Wednesday, June 4, 2014

Antonio Rocha - Transitions in Eloquence

Antonio Rocha

I use what I learned as a mime in storytelling. I do not mean just mime illusions. 

One can create a lot with stillness, a glance.

Being connected with story through body language is key; it creates atmosphere, and a foundation for the verbal.

Most tellers are nervous about being silent on stage; they think it is dead time. Some look down while others plow through to the next line. It can become dead time if you stare at the stage floor. If you are connected with the essence of the story, your body will be eloquent.

I call transitional moments “empty canvas”, a place where the teller has a chance to create non-verbal atmosphere work that is connected to the story. All day long our bodies reflect our minds, our thoughts. It must also on stage as we surrender ourselves to character.

There are two types of transitions I pay attention to. That between characters in a dialogue, and major scenery changes.

When two characters are going back and forth in a dialogue, pay attention to how they think before they answer or ask a question. There are usually some pauses for thoughts. Pay close attention to when you are dialoguing with a person, or watch as other people around you talk to each other. You will see that is not just word after word. There are lots of pauses connected to their thought process.

Kid: Dad, (Pause as he hesitates to ask) may I have a lollipop?
Dad: Uhmmm, well.. (while looking up as if searching for kind words to deny it ) not now. It is almost suppertime.

All the directions within parentheses are not to be spoken but shown. These thoughts require no talking as the body says it all.

Notice that also I have not written, “the father said and the kid said”. It is obvious who is saying what. Look on a down diagonal at the kid as the father, using appropriate tone of voice, and look upward as the kid looks back at the father. Your body is facing the audience the whole time. There is no need to step left or right or even turn slightly. It is economical and to the point. Most dialogues are between two people who have been previously introduced to the audience. The audience will know who is saying what based on tone of voice and the angle of your line of sight. Do not make eye contact with the audience while in dialogue because the audience is not the character being addressed. You should only look at the audience when you are the narrator.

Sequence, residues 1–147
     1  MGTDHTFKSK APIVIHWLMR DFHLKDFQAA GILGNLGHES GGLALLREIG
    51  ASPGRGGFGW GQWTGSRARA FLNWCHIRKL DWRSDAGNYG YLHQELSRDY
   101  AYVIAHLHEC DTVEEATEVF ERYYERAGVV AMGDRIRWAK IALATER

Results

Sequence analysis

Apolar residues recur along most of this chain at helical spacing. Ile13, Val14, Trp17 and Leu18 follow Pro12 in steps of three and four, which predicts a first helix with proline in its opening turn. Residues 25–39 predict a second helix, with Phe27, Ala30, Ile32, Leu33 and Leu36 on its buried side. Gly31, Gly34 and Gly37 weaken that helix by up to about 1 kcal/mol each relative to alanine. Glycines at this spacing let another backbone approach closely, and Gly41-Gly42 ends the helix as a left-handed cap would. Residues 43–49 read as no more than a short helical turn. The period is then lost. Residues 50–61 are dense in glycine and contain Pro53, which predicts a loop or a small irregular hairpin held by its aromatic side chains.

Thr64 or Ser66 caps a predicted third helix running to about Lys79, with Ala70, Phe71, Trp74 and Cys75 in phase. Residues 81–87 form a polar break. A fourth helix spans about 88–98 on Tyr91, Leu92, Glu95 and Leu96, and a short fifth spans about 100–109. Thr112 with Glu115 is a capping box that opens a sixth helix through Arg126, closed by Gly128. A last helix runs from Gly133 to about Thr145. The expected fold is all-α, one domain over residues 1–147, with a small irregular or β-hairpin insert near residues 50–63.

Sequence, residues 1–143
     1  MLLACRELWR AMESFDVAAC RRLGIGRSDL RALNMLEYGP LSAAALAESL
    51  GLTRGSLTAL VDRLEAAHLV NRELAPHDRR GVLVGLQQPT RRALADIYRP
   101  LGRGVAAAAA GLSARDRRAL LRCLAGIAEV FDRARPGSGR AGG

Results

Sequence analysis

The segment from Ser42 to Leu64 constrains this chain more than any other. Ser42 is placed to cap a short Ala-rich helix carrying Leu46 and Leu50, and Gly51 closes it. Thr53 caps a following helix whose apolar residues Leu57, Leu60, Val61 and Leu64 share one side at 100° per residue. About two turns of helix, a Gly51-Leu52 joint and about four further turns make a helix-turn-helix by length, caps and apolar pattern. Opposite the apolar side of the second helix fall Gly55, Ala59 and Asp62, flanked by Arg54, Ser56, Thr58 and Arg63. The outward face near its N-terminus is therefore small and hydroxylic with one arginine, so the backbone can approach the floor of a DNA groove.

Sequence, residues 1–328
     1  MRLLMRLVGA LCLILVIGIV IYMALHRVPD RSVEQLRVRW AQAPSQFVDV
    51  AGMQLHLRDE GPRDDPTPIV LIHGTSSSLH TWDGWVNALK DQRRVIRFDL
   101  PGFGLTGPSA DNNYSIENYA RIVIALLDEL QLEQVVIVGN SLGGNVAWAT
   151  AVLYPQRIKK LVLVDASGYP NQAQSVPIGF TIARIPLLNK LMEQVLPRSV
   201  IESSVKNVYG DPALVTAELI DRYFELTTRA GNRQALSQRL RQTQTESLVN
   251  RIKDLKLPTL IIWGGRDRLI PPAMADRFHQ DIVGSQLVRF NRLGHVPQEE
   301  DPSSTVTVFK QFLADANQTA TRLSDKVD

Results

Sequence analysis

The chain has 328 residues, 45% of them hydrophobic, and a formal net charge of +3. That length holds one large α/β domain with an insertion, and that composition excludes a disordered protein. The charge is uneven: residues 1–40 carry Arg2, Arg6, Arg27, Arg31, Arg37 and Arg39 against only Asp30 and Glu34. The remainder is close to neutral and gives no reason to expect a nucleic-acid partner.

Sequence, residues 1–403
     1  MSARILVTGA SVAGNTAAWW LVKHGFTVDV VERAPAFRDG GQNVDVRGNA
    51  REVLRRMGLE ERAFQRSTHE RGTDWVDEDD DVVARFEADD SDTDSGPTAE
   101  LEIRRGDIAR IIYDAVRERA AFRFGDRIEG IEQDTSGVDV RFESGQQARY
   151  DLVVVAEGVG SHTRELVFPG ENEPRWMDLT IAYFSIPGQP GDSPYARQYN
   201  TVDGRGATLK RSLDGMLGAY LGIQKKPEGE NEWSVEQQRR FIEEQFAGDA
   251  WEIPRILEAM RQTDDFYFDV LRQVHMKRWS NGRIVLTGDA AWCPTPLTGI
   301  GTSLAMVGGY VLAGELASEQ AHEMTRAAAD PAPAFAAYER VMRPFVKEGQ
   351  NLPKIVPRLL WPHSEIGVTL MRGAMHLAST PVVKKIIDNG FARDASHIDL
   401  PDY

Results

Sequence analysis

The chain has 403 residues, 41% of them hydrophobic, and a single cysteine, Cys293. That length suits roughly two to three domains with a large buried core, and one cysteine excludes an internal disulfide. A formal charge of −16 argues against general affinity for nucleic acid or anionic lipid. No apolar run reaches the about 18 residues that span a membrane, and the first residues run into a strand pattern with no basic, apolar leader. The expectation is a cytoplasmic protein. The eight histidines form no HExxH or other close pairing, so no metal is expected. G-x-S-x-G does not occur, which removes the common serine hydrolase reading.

The transitions between scenes usually do not have dialogue, it is usually the main character approaching a new location or starting a journey. Some unseasoned tellers come to the end of a scene and before moving on, they look down. Never look down, unless there is a reason to. Looking down is dead time because audiences listen by watching mostly your eyes. If they cannot see your eyes there is got to be a good reason for it. Instead, look at the back wall behind the audience and take a few moments to see what the character is seeing, and most importantly, how the character is reacting to it.

Life is about reactions. Is it a scary forest they are about to enter? A journey they have never taken before? Allow yourself to surrender to that moment, to be in the character’s shoes.

Observe life around you and it will serve your presentation.

Enjoy your eloquent pauses.

Antonio Rocha is a storyteller, workshop facilitator and coach. For more information please visit

Thank you, Antonio, for sharing with us!  Check out Antonio's website!  
If you haven't had enough of him quite yet, here is his Ted Talk.

Happy Telling!

1 comment:

  1. Donna - Nice to have Antonio for a guest post! I know you're busy-busy; however... I've "nominated" you for a Liebster Award! - which I've never heard of before last week, when I got "nominated." For all I know, you've received it before...But whether or not, you can read all about it, a somewhat-whimsical way to connect and recognize and spread the word about favorite blogs, on my blog today []. And of course whether or not you "accept the award" (do all the stuff the "rules" say) and participate in the Liebster daisy-chain is of course up to you - but I wanted to nominate your blog and spread its word. (There's no schedule or deadline, so you can also postpone doing it, if it interests you but there's no time for it just now.) In any case: welcome home and happy summer stuff! - Pam